Posts Tagged ‘Baldwin Theatre Organ’

Lower Keyboard contacts and pedal switches

December 28, 2009

Lower Keyboard Switches

I lifted the upper manual to take a look at the lower manual.  One interesting thing is that the wires from the top row of the upper manual contacts connect to the top row of the lower manual, note for note.  When I looked at the schematic, I realized that because this was what triggered the rhythm circuits, the manuals were permanently coupled for that purpose.  No real problem–I plan to cut the wires leading from the upper manual at this point and route the wires to the inner case for attachment to the DIN units of the MIDI controller (more on this later).

The lower keyboard was slightly different, but still had an easy way to bypass the resister and diode circuits so that direct on/off switching was possible.  Again, the upper contact was a whisker wire on a silver bar.

Lower Keyboard Contact Circuitry

The alligator clips are connected to where there is a non-resistant on/off switching circuit.  This means that a simple jump wire bypassing the diode (located just above the red alligator clip) will let the switch work through the existing wiring.

Here is a shot of the lower keyboard wires coming into the case awaiting snipping and connection to the DINs.

Lower Keyboard Wiring Inside Case (Marked by blue tape)

Pedal Switches

I was nervous about the pedal switches, having heard horror stories that Baldwin pedal contacts involved some sort of black goo.  The schematic showed a circuit that included a resistor and biased diodes.  The theory was intriguing:  the pedal 8′ and 16′ signals were always on but prevented by a diode from proceeding to the various filters and amplifiers.  When the pedal was depressed, the switch applied an 11 volt load to the diode, essentially opening it up to allow the signal through.  Very ingenious and somewhat Rube Goldbergish (look him up if you haven’t heard of him!).  I think it was a way to allow the signal to come on a bit gradually instead of abruptly.

In any event, I don’t need such complexity.  I was hoping that I could find an easy way to bypass the existing circuitry to get a simple on/off switch for each pedal note. 

Here is the switching assembly with the cover on:

What I labelled “pedal switches” above are actually plastic jacks.  The are thin, somewhat brittle, and therefore fragile.  I took care when working on this assembly to not bump them against any other parts.

For reference, the jacks are pressed down by felted tabs on the end of the pedals:

Pedal Felt Tabs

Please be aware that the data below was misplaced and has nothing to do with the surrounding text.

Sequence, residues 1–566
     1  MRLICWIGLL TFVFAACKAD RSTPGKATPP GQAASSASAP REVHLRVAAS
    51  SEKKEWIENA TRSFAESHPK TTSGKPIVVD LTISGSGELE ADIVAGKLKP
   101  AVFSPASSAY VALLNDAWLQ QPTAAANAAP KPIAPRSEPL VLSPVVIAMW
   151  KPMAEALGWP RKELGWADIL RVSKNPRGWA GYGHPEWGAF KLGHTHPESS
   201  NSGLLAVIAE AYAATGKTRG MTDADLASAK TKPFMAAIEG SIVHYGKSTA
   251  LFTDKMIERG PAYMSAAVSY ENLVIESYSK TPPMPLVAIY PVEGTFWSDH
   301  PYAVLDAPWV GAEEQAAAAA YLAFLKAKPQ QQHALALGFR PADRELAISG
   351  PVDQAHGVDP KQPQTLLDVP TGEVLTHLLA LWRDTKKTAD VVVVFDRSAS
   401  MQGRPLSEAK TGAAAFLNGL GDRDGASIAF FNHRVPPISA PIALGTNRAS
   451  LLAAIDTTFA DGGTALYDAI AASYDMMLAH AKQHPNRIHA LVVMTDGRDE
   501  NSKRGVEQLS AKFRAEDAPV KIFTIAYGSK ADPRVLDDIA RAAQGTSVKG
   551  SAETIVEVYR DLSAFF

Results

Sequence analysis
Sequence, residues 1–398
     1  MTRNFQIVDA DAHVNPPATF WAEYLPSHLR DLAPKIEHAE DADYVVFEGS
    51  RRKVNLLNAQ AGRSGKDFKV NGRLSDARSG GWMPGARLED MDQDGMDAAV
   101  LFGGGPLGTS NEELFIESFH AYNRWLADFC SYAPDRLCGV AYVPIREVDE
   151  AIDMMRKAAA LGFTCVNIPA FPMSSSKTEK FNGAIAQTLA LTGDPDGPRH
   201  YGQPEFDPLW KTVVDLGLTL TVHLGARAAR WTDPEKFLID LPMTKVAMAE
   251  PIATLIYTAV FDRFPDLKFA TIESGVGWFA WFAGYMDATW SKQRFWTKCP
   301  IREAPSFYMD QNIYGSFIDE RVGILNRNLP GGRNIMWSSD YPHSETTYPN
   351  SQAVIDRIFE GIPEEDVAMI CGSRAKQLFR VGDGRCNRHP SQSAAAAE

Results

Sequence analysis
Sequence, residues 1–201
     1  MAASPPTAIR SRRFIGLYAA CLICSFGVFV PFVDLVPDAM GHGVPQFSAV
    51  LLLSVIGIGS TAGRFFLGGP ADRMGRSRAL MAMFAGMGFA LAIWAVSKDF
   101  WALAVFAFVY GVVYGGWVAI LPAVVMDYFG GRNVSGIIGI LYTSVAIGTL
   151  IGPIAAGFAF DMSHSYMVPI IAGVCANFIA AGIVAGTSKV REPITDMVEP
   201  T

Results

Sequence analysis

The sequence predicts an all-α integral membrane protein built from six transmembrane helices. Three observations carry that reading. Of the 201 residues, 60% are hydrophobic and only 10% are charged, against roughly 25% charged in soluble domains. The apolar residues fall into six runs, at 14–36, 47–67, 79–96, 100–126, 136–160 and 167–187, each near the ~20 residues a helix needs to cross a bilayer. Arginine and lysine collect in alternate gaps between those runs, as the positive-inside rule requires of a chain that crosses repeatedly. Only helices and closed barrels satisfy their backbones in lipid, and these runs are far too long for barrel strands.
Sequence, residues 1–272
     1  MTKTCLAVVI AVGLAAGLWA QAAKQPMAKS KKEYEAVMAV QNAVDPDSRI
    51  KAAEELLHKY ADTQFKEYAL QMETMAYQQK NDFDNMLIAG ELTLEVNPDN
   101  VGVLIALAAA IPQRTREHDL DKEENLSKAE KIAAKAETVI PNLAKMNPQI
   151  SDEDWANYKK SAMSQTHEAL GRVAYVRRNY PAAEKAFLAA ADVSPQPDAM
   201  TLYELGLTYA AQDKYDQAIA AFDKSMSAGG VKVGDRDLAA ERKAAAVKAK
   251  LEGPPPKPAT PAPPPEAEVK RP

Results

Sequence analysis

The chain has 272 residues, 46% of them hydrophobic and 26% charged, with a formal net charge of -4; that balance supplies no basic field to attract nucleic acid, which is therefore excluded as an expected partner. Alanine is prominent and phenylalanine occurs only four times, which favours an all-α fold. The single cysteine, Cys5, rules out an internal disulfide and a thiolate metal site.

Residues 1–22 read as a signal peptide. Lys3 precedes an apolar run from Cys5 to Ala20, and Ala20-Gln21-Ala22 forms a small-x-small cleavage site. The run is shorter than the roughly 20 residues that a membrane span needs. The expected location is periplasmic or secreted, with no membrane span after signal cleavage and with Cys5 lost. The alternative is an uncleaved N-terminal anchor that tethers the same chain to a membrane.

Cover taken off:

After the cover came off, I got my first glimpse of how the switches work.  There is a whisker wire passing through each jack.  When the jack is depressed, the whisker wire contacts a rail. 

Contact Points

The alligator clips locate the non-resistant switch points.  It looks to be a simple matter of jumping past the resistor below the black clip so that the existing pedal wiring can be used.  The red clip is attached to an uninsulated wire that grounds the entire pedal switch assembly.

So, this initial reconnaisance tells me that, with a little work on each contact assembly, I can use the existing wires to send switching signals to the MIDI controller.

Tracking the upper key switch wires

December 25, 2009

The Baldwin Cinema II has numerous wire contacts per key.  When a key is pressed, it lifts a jack (much like a harpsichord jack), bending various wires and forcing them to touch contacts.

According to the service manual, the stop sounds are controlled by small gold wires being pushed against elastomer contacts, while the rhythm sounds are controlled by a wire touching a silver rail.  The reason for the difference is apparently that the stop sounds, controlled by shorting a field-effect transistor, are susceptible to a “pop” unless the contact is made with gradually decreasing resistance.  The rhythm sounds are not triggered in the same way and can rely upon a basic on/off contact.

The elastomer technology is intriguing, and I imagine that there is potential for using the arrangement to control velocity MIDI inputs much like piano controls operate.  This would be useful if I were building a piano, but I’m building an organ.  The simple on/off signalling is sufficient, and, as it turns out, much easier to connect.

I lifted up the lid and took a look at the upper keyboard:

Lid up

A closer view of the top of the upper keys on the treble end:

And here is an out of focus photo showing the contact wires, jacks, the silver rail and the elastomers:

After poking around with test probes, I found what I was looking for: a simple on/off contact when a key is depressed.  Most of the wires coming from the contact assembly had bias resistance–something I didn’t want to go to the MIDI controller I would be building.  But, providentially, the upper contact before the limiting diode (shown below) showed a direct connection when a key was pressed.